The house lights dropped, and Gregorian chants lulled the crowd- for a moment. Somber latinate tones accompanied the appearance of five hooded and robed figures, which filed to their instruments. Then, chanting explodes into soaring riffs with thumping, head-bangable bass. The five “Nameless Ghosts” (as they are known online) rocked out Infestissumam, the eponymous introductory song of Ghost B.C.’s second album. Their second number required the frontman, Papa Emeritus II, to grace the audience with his presence, and he was given a screaming welcome. Wearing skull face paint and a profoundly blasphemous mitre, Papa led Ghost B.C. and their congregation through highlights of both their albums. Their paced slowed once to bid Denver good evening, and only once more to give the audience an opportunity to scream adoration. Their show at the Ogden on April 18th demonstrated the supreme talent and showmanship of these anonymous musicians.
Presenting an image of devout, goat-worshipping satanism, Ghost B.C. either literally pursues converts to their cult, or parodies the monotheistic religions as cults. The “About” section of their weblog is obstinately blank; the black screen momentarily convinced me my browser was on the glitch. Though speculation has led to convincing leads on Papa’s identity, the alleged frontman has made no comment. Identities of the Nameless Ghosts remains shrouded completely, as they did during the performance. The band’s cryptically-worded “messages from the clergy” add to the mystique. For example, on the date their new album became available, they “[wished] to inform you that the Infestissumam ritual is streaming in its entirety...” Admissions that if they remained in character all the time they “would go COMPLETELY insane” soften their image (emphasis in original). However, for some, nothing could soften the bands image enough.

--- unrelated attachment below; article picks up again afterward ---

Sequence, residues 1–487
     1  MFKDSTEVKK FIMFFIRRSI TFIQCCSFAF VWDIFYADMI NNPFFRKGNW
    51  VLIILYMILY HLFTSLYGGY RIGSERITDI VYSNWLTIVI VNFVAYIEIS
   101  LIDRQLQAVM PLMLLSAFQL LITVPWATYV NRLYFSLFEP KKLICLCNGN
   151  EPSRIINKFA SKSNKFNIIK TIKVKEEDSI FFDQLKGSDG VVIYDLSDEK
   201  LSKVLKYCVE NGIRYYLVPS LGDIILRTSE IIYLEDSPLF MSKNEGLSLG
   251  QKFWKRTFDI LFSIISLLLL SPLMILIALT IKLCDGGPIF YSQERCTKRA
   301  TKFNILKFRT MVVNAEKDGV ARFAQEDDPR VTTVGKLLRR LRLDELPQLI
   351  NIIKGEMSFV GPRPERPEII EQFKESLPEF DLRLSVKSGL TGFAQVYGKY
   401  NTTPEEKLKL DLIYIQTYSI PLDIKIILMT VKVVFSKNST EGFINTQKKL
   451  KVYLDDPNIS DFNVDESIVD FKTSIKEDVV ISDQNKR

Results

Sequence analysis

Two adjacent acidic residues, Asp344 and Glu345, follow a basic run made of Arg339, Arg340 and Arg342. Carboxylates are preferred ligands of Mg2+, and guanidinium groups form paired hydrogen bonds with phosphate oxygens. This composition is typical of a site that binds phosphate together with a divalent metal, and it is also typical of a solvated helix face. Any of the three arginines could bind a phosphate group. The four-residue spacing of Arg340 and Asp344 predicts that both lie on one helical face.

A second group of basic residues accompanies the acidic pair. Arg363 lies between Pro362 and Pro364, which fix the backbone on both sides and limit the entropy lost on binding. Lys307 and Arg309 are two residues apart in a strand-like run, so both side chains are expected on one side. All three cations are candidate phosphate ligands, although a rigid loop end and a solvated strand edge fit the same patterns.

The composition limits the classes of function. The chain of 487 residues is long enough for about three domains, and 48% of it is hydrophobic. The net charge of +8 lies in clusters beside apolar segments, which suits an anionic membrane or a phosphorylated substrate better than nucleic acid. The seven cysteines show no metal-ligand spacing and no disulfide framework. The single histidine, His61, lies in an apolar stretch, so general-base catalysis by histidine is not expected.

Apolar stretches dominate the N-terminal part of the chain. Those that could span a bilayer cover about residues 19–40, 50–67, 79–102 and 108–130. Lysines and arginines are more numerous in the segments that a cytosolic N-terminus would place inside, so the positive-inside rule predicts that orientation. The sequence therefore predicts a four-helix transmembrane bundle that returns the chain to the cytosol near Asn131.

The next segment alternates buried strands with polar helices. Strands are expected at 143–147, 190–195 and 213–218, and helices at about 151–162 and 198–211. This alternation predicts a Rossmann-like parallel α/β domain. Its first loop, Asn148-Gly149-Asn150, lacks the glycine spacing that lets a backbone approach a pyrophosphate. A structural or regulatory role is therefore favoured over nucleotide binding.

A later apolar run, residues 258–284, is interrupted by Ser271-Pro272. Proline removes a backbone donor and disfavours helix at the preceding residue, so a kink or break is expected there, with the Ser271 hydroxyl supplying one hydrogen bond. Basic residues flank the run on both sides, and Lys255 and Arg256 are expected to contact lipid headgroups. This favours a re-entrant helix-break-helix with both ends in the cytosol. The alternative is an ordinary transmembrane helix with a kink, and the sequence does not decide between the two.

Songs like “Per Aspera, Ad Inferi” revive comraderies long forgotten in the apostate. Elegant juxtaposition of Latin chants, distorted guitar, and catchy choruses give their music an uncomfortably universal appeal. Uncomfortable only for those uncertain of how to react to such things, though.
Not that Ghost doesn’t intentionally challenge popular mores. In “Jigolo Har Megiddo,” they sing “I am the one, lascivious; I am the son of one below; The progeny of beast of woe; And I am the one who comes into the daughters of men; Destroying all and make them want it again.” Whether their act is genuine or simply offensive is not really for me to decide. Regardless, I enjoy it, their metal and their spectacle. My feelings about the band are best concluded with the closing chant of Infestissumam, from the song “Monstrance Clocks”;
Come together, together as one,
Come together, for Lucifer’s son
so long as “Lucifer’s son” has a suitably subjective definition.
Indignities and indiscretions aside, the second album is a powerful work of pop-metal. It builds clearly from their heavier first album, giving a wide audience something to listen for. If one is willing to let assumptions lie unchallenged, Ghosts’ synthesis of the Catholic mass, pagan ritual, and positively brilliant songwriting make for an excellent show.